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Bak-A-Lum Corp. of America v. Alcoa Building Products, Inc

    Brief Fact Summary. The Plaintiff, Bak-A-Lum Corp. of America (Plaintiff), sued the Defendant, Alcoa Building Products, Inc. (Defendant), for damages resulting from the Defendant terminating its exclusive distributor agreement with the Plaintiff.

    Synopsis of Rule of Law. In every contract, there is an “implied covenant of good faith and fair dealing,” which requires that neither party do anything to destroy or limit the right of the other party to collect under the contract.

    Facts. In 1962 or 1963, the Plaintiff entered into an agreement with the Defendant to be the exclusive distributor in Northern New Jersey of aluminum siding and related products. In 1969, the Defendant decided to terminate its agreement with Plaintiff, but withheld from Plaintiff its intention to do so until 1970, all the while knowing the Plaintiff was expanding its warehouse facilities to maintain its exclusive distributorship. The trial court determined that the agreement was binding and could be terminated “only after a reasonable period of time and on reasonable notice.” Plaintiff appealed, questioning the adequacy of the trial court’s damage award. Defendant cross-appealed, questioning the trial court’s ruling that its conduct was actionable.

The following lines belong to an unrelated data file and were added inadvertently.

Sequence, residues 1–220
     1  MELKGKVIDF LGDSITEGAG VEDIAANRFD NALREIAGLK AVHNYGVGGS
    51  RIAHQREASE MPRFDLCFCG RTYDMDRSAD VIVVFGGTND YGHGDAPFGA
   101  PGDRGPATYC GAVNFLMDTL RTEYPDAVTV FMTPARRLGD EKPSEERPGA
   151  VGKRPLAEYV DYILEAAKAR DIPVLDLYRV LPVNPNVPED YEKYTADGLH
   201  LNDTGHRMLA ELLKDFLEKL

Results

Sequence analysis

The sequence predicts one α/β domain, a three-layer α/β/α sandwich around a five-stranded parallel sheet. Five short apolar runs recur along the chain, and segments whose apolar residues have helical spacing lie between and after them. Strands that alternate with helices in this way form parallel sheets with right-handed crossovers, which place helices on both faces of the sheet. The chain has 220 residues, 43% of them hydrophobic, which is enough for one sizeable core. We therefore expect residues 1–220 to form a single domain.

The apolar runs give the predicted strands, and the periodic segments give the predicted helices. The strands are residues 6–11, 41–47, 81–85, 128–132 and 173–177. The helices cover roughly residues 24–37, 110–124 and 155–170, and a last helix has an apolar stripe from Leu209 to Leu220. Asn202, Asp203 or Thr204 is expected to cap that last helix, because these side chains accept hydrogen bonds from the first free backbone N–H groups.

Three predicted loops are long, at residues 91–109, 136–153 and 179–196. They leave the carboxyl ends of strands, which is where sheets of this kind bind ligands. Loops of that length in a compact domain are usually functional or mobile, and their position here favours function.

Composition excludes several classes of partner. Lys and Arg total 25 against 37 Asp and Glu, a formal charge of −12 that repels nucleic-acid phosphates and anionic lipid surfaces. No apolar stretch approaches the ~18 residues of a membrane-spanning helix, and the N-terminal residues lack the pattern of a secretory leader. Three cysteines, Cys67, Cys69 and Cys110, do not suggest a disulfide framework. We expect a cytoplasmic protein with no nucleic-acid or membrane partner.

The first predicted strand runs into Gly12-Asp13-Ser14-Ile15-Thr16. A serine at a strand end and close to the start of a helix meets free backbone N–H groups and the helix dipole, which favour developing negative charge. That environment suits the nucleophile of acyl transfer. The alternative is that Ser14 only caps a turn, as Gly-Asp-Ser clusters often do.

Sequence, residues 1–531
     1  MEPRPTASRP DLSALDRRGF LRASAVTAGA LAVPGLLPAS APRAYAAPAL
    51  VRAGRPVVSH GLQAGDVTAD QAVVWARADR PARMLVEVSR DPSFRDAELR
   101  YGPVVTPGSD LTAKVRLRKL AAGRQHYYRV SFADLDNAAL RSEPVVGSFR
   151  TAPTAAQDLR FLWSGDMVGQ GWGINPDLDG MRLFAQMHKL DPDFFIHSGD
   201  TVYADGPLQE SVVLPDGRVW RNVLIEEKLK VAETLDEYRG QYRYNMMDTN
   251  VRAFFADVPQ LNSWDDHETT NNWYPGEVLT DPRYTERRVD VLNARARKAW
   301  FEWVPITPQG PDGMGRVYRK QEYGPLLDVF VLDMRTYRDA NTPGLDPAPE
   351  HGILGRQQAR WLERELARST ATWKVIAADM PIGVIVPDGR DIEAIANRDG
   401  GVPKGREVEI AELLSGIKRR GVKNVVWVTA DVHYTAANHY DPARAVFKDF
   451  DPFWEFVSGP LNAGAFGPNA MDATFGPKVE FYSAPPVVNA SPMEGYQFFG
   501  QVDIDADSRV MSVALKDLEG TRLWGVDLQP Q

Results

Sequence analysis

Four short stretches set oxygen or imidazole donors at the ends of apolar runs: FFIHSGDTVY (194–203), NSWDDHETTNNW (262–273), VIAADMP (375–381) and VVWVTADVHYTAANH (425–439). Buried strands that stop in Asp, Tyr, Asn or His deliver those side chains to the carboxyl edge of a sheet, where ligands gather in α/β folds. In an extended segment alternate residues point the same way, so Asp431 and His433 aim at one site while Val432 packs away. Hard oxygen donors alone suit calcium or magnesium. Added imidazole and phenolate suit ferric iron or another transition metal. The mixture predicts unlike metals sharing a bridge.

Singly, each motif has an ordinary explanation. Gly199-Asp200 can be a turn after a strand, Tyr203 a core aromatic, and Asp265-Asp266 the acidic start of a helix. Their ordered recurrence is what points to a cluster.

Issue. Does keeping secret the pending termination of an exclusive contract, while the other party enters into a long-term lease to maintain the contract, constitute a breach of the implied covenant of good faith and fair dealing?

    Held. Yes. Judgment affirmed with modified damages.
    The period of time that had passed before termination was reasonable, but the amount of notice was not.
    Defendant encouraged Plaintiff to expand its warehouse facilities, while concealing its intention to terminate its agreement. If Defendant’s intention had been communicated to Plaintiff, Plaintiff likely would not have signed the lease without getting certain assurances from Defendant.

    Discussion. Defendant’s withholding of information from Plaintiff (i.e., that Defendant would be substantially limiting Plaintiff’s distributorship) was in bad faith and constituted a breach of the implied covenant of good faith. Accordingly, Defendant’s actions “must be given substantial weight in determining the reasonableness of notice of termination.”


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